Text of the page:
Security Policies and Practices. There needs to be a collection of well-defined and articulated policies and procedures that address what data is available, what its business function is, how and where it is stored and who can access it. These cybersecurity policies, and the consequences of not following them need to be spelled out for employees, taught and reinforced. Policies should also include the use of personal devices, peripheral devices, home computers, public WiFi and corporate credit cards or purchasing cards.

Access Control. Small businesses should have clear guidelines in place for who determines access to files and servers. Administrative rights should be limited as noted above. Access should be requested and approved using a clearly delineated process that presents clear business reasons for allowing permission. Access should be provided on a need-to-know or need-to-use basis. Access policies should also consider physical access to servers, data centers, data closets, physical media and off-site locations.

Regulatory Mandates. Many industries are subject to government agency or sector-based requirements for the storage and usage of data. These mandates are especially critical to those companies that collect or use personal health information, collect payment information, manage legal documents or do business with certain federal or state entities. Knowing these mandates is critical, as they inform the decisions about what solutions are used and what reporting is required to demonstrate or maintain compliance.

Insurance. Purchasing cyberattack insurance helps to reduce the financial risk of a potential assault. Like with other insurance products, demonstrating the existence of protective measures may result in lower premiums.

Information Security. Ensures data integrity and privacy when information is in transit or at rest.

Data Backup. Backing up your data (and applications and operating systems) is essential to making sure it’s protected and accessible in the event of an attack or natural disaster. Data backups should be done for information stored in the cloud or physical servers. Backup services should use most advanced security measures and best practices, including backing up data in out-of-region locations, automating backup functions and scheduling backups at regular intervals.

Encryption. Encrypting your data while it’s being backed up and when it is stored in the cloud or on-premises makes it that much more difficult for hackers to use the information, even if they can access it.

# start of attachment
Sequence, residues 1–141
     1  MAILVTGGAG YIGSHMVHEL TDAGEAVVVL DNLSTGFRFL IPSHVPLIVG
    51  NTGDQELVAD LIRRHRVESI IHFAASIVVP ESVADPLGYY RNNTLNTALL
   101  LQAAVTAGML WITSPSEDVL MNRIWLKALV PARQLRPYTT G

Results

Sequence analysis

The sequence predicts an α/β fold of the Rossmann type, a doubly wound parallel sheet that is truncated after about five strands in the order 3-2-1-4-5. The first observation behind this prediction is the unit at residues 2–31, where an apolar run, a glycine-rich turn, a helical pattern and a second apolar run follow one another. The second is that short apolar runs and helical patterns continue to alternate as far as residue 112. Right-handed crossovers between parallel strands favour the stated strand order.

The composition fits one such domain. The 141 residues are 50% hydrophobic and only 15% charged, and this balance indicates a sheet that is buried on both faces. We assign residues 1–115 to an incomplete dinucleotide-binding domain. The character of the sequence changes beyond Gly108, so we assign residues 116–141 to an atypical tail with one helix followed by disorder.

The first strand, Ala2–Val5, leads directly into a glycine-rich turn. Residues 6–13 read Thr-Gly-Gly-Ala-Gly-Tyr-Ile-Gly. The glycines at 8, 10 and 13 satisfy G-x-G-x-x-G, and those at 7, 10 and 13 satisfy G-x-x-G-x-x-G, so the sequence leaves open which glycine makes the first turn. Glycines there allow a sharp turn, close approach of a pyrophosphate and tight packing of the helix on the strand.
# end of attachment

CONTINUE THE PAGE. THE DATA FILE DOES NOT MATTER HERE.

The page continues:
Network Security. Secures your computer network from intruders, attackers and malware.

Wireless Network Security. Protecting your wireless network is an absolute must. Next-generation firewalls secure your network’s perimeter, detecting, containing and destroying unwanted activity before it can cause significant harm. Network security should also include continuous monitoring with automated alerts if suspicious or unusual activity is detected. Wireless network segmentation and segregation can also prevent the co-mingling of use by employees, visitors and web visitors.

Passwords and Authentication. Your small business needs password creation guidelines, multifactor authentication procedures, guest access policies that make it difficult for hackers to break in and access systems.

Website Security. Maintain your website’s security with limited privileges to the web server and content management tools, multifactor authentication, aggressive password changes, application whitelisting, adequate resource availability, web firewalls and dynamic security scans.

Application Security. Protects your software applications and the devices that use those apps.

Hardware and Software Updating. Providers regularly distribute updates and patches that address important security issues, fix bugs and remove emergent vulnerabilities. The challenge for small businesses is making sure each connected computer, mobile device and server has the required updates installed. Automated updating is much easier with managed IT services and cloud-based applications and servers.

Mobile Device Security. Mobile devices enable employees to access information and networks from anywhere and at any time. However, mobile devices are especially vulnerable, especially when employees are required to provide their own equipment. For example, employees may not install the necessary updates, access information on unsecured public WiFi networks, or have devices stolen or lost.

Business Continuity and Disaster Recovery. Plans and policies to recover from a cyberattack and ensure business operations are up and running with little to no downtime.

Business continuity is the overarching guidance, policies, methods and protocols that ensure that a business can continue operations during and after a natural or manmade event. Disaster recovery is a subset of business continuity, focused on the procedures used to restore systems, access data backups and deal with the incident at hand.

End-User Education. Training and awareness programs for employees and other users.

In many ways, education and awareness are the first lines of cyberdefense. Employees need to understand the scope of cyberthreats, how those threats appear and what they can do to defend themselves and the organization.

Cybersecurity is an absolute must for small businesses today. Knowing the types of attacks and the available solutions is the best defense against criminals looking to do harm.